The police officers, on the facts of this case, discharged the duty which rested upon them to give notice before forcing entry. Accordingly they are culpable for Corey Peeace’s cold-blooded killing. The subsequent cover-up was even yet more heinous.

The search for justice for Corey continues::

Since R. v. Landry & Eccles v. Bourque ought to be the applicable pillars to the Corey Peeace litigation / investigation – justice, it seems in Alberta is lost.

Canadian Charter of Rights & Freedoms

“If the criteria of s. 450(1) of the Criminal Code and the standards enunciated in Eccles v. Bourque are met, a police officer can make an arrest on private premises without a warrant in the
execution of his duty for the purposes of s. 450(1)(a).” R. v. Landry, [1986] 1 SCR 145

“Section 450(1) of the Criminal Code does not alter the common law principles with respect to spatial limits on arrest without a warrant and the silence of the Code requires that the common
law apply. Eccles v. Bourque was not a case restricted to situations where a warrant, albeit unendorsed, existed, but rather dealt with the power of the police to arrest without warrant in private premises. The present case falls to be decided by application of Eccles v. Bourque, just as Eccles v. Bourque, on the view of the Court at that time, fell within the four corners of the old common law authorities. The policy underlying the cases, both older and more recent, is clear and compelling: there should be no place which gives an offender sanctuary from arrest. Although the Criminal Code provides for warrants for the search of things, it does not provide for the search of persons.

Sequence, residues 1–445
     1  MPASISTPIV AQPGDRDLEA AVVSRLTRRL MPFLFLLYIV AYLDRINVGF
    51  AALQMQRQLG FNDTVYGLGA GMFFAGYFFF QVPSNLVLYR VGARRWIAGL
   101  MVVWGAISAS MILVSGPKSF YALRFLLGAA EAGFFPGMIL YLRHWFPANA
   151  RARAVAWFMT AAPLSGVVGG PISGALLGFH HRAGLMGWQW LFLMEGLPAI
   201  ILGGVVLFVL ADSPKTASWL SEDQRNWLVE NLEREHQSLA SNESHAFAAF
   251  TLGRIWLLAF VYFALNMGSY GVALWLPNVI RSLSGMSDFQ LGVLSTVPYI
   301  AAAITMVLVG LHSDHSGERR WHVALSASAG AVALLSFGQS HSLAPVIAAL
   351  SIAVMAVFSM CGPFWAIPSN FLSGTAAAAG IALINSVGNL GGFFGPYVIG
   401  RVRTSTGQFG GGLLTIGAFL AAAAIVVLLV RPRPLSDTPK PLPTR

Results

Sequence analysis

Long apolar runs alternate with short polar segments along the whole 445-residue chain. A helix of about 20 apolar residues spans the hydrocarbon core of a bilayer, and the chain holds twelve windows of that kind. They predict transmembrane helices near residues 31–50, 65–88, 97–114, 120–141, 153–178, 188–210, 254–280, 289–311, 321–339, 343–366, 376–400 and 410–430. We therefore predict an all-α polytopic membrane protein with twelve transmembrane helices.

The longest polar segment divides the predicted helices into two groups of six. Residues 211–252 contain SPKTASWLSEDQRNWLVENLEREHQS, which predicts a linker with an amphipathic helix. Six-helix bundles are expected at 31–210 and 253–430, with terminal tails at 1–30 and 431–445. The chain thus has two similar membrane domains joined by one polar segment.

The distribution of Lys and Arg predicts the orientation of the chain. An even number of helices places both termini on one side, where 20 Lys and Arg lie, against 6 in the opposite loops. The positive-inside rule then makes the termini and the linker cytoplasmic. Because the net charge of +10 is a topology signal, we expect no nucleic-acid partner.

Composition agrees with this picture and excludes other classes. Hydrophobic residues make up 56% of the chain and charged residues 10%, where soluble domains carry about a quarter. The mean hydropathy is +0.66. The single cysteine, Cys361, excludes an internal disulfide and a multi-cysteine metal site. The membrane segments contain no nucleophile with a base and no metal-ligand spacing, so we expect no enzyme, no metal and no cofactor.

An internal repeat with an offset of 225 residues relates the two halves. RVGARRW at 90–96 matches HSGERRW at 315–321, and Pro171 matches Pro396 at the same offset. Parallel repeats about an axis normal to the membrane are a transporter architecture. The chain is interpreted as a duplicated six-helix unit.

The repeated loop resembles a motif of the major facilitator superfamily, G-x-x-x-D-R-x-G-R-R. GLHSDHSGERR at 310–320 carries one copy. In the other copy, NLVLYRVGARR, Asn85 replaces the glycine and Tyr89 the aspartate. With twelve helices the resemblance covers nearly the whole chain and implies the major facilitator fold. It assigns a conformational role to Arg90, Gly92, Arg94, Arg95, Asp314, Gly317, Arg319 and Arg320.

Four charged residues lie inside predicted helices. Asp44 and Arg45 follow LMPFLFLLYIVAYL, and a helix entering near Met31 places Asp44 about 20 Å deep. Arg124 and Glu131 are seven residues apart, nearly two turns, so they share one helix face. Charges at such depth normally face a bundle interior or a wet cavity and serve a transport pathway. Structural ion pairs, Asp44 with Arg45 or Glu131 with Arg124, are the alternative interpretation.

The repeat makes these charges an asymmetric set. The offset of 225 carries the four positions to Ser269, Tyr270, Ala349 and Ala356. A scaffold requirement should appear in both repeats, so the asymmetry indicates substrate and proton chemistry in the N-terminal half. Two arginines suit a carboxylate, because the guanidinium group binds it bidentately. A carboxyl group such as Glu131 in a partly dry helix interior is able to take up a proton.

Absent the power of police to arrest on private premises, a criminal offender might therefore find complete and permanent protection from the law in a private home.

Parliament took for granted the common law power of forcible entry to effect an arrest. While the courts can decline to confer new common law powers intruding on civil liberties–and this Court has been cautious in conferring those powers–it is quite another thing for the Court to abrogate powers recognized by the courts, particularly when those powers descend from entrenched  authorities of the 17th century.

Legal Rights


LIFE, LIBERTY AND SECURITY OF PERSON.

7. Everyone has the right to life, liberty and security of the person and the right not to be deprived thereof except in accordance with the principles of fundamental justice.


SEARCH OR SEIZURE.

8. Everyone has the right to be secure against unreasonable search or seizure.